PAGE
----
Analysis of Medicare Data Indicates that Post-Acute Care Reform Could Extend the Medicare Trust Fund by Two and a Half Years, Potentially Save $100 Billion

Research identifies new path for improving care coordination and increasing the efficiency of the Medicare program

WASHINGTON, Oct. 10, 2012 /PRNewswire-USNewswire/ -- A comprehensive analysis of Medicare claims data finds that the Medicare program could save as much as $100 billion over the next 10 years and the life of the Medicare Part A Trust Fund could be extended by 2.5 years if post-discharge patients were served in more clinically appropriate, cost effective settings and care delivery was restructured. The Clinically Appropriate and Cost-Effective Placement (CACEP) project, released today by The Alliance for Home Health Quality and Innovation, details opportunities for reducing post-acute care spending by improving the process of transitioning patients following hospital discharge.

The final CACEP report builds upon a series of working papers assessing the volume, payments, patient pathways, and readmissions of various types of post-acute care episodes. The analysis also presents analytic models indicating Medicare savings.  Modeling suggests the utilization of a clinically appropriate and cost-effective care model, which shifts patient care settings under the current delivery structure with payment incentives for clinically-appropriate placement, could reduce Medicare spending by $34.7 billion over a 10 year period (2014-23).  

The report further examines the financial impact that more aggressive payment reforms would have on the Medicare program.  Models indicate that moving Medicare away from a siloed fee-for-service payment system to one that better aligns incentives by adding an explicit policy to reduce Medicare fee-for-service post-discharge spending by 7.5 percent would yield Medicare savings of $100 billion over 10 years. The report finds that more innovative payment models are necessary to achieve optimal savings, where there is strong financial pressure on post-acute care providers collectively to reduce Medicare expenditures, increase efficiency and reduce episode complexity and length.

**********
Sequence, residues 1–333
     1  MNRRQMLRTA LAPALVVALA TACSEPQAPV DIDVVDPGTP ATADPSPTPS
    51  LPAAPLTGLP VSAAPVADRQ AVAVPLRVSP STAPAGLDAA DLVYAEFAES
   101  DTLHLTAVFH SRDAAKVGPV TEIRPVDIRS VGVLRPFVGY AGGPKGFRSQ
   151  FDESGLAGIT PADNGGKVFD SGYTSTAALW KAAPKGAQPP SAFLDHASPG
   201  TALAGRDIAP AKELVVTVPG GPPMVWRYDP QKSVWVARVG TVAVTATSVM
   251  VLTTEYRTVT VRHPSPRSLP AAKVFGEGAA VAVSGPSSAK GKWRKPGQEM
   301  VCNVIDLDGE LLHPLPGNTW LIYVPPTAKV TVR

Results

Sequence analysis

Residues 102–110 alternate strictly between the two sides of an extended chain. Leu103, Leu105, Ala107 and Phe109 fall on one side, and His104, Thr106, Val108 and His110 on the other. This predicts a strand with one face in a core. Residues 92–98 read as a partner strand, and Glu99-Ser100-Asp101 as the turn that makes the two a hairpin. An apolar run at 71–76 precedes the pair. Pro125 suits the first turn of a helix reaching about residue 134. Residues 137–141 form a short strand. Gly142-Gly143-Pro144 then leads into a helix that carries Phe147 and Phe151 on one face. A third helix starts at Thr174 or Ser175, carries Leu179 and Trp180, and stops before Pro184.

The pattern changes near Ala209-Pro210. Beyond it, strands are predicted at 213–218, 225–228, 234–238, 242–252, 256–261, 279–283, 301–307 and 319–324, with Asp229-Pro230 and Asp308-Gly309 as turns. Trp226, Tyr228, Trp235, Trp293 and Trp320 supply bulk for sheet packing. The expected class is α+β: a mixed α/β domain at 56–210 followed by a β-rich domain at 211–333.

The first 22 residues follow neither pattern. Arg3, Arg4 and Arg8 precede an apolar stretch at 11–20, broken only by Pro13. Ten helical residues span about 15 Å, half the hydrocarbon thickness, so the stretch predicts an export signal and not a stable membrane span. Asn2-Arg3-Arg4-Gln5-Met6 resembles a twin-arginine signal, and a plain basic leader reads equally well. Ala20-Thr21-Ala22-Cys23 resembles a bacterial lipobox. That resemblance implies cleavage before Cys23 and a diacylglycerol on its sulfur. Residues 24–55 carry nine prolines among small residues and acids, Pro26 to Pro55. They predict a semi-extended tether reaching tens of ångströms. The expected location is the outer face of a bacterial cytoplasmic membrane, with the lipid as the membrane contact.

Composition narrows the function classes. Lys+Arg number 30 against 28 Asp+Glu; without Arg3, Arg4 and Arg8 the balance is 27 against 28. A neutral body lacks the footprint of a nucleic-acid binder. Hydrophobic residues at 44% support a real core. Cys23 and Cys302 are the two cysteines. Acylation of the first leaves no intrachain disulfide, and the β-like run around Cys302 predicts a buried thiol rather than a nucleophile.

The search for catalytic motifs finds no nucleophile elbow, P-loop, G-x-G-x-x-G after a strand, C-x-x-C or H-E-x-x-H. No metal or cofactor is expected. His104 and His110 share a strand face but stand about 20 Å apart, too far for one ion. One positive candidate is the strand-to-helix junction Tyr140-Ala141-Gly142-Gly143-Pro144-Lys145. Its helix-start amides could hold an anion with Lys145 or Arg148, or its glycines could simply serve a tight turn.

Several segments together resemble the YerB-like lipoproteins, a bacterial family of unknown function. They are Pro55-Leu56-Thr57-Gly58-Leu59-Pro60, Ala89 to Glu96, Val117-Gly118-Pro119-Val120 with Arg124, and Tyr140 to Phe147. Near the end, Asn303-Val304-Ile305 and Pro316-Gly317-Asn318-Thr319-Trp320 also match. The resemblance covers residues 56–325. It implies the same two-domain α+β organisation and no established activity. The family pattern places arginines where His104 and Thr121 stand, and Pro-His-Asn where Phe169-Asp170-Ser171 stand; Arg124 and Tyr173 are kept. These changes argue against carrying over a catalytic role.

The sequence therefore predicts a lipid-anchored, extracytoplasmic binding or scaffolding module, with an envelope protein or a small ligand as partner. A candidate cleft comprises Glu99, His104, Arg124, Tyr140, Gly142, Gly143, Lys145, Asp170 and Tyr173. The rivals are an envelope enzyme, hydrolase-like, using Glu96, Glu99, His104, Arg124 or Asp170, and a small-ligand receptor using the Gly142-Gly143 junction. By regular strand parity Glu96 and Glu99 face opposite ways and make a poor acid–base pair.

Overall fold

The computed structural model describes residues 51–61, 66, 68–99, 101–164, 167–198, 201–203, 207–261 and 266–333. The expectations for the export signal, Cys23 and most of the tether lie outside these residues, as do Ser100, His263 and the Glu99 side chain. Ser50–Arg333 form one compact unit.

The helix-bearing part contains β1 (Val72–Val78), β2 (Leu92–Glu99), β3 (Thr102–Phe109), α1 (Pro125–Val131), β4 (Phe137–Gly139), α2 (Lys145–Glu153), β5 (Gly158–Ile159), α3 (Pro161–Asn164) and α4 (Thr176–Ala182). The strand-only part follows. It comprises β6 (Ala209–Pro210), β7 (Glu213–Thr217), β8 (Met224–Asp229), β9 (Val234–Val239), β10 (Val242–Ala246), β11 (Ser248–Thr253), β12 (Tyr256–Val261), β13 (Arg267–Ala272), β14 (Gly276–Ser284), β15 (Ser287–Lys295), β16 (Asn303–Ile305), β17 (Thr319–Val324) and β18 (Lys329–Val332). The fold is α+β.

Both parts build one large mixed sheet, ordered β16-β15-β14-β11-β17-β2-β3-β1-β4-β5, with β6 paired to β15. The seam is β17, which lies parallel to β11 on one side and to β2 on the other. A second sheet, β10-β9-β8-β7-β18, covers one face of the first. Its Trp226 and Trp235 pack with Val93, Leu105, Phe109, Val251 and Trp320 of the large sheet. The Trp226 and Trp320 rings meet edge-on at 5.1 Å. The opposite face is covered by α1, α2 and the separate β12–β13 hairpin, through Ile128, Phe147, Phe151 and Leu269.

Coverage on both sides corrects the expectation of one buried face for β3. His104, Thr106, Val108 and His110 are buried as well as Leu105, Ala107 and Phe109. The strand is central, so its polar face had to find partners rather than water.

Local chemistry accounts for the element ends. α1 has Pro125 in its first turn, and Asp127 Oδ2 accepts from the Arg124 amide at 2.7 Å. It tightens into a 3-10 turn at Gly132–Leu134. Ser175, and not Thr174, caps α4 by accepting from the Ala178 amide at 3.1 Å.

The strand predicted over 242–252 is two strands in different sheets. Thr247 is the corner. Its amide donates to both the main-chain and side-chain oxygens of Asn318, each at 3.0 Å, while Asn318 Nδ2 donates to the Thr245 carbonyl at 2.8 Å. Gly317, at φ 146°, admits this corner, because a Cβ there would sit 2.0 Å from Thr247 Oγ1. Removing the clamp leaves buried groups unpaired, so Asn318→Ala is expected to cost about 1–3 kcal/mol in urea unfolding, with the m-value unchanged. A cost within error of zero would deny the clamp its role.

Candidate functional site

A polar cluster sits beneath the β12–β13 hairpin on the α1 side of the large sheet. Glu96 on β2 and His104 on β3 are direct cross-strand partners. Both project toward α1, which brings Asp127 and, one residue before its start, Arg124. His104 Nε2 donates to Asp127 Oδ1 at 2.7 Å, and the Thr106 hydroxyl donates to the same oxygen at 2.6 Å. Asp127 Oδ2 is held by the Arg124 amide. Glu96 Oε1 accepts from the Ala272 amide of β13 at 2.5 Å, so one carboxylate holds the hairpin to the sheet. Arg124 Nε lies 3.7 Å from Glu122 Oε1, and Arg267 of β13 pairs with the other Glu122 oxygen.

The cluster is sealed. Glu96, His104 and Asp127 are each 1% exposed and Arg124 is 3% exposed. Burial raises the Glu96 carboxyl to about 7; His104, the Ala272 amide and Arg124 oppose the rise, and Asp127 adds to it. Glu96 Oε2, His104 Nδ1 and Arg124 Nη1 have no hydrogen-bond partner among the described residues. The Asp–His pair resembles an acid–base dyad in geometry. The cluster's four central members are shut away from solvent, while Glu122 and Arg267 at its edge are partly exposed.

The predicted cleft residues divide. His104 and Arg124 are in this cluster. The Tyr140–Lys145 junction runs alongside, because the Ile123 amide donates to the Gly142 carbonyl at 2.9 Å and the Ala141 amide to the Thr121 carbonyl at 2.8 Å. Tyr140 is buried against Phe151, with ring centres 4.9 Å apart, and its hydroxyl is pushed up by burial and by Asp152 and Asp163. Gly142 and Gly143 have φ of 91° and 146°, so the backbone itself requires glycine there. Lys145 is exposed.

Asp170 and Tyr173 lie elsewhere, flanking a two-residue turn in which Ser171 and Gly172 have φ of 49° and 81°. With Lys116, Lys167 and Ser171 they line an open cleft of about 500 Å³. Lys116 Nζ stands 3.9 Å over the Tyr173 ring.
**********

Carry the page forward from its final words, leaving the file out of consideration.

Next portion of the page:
"The current Medicare program is not sustainable, so it is critical that we begin to adopt policies that reduce spending, while protecting Medicare and overall quality of care for current and future generations.  The CACEP project presents compelling data for restructuring post acute care with innovative payment models that have the potential to significantly reduce spending, increase efficiencies and facilitate improved patient care," said Allen Dobson, Ph.D., CACEP lead researcher and President of Dobson | DaVanzo & Associates, LLC.  

Researchers completed a comprehensive review of the research literature including studies of existing Medicare reform demonstrations. The review examined how shifting patients to the most clinically appropriate and cost-effective post-acute care setting can improve quality and efficiency, streamline care transitions and strengthen care coordination across care settings. The report also examines models for care coordination that demonstrate how provider incentives and increased access to lower-cost settings can lead to significant cost savings through improved chronic care management and reduced avoidable hospital admissions.

Other key findings of the final report include:

  • Patient overlap across first settings in post-acute care is considerable.  Given that formal first settings have very different expenditure levels, reductions in Medicare spending can be achieved by shifting patients to more cost-effective settings, including home health.
  • Medicare episode payments more than double when the beneficiary's care includes a hospital readmission.
  • While the CACEP models are primarily based on post-acute care episodes, the implications of these findings can be applied across our nation's healthcare delivery system.

"With this research, we are identifying areas for strengthening the Medicare program, which we hope the health policy community will find useful for future policy-making decisions to ensure patients receive care in the setting that offers the most clinically-appropriate level of care at the lowest cost," stated Teresa Lee, Executive Director of the Alliance for Home Health Quality and Innovation.  "In releasing this report, we look forward to being part of further discussions on how post-acute care can be reformed to ensure that patients receive quality care in the least expensive setting."

Dobson | DaVanzo & Associates, LLC conducted the Clinically Appropriate and Cost-Effective Placement (CACEP) study. The purpose of CACEP was to determine how the Medicare home health benefit can better meet beneficiary needs and improve the quality and efficiency of care provided within the U.S. health care system. The CACEP project examines claims for a five percent sample of Medicare fee-for-service beneficiaries from 2007 to 2009 and analyzes opportunities for improving quality and efficiency of care and reducing Medicare spending. 

 

The Alliance for Home Health Quality and Innovation (the Alliance) is comprised of leaders in the home health care community – including several of the largest home health care providers in the United States and the largest national trade association representing home health care providers. The mission of the Alliance is to foster research and education on the value of home health care to patients and the overall U.S. health care system. The Alliance is dedicated to improving the nation's health care system through development of high quality and innovative solutions aimed at achieving optimal clinical outcomes.  To learn more, visit www.ahhqi.org.

 

SOURCE Alliance for Home Health Quality and Innovation



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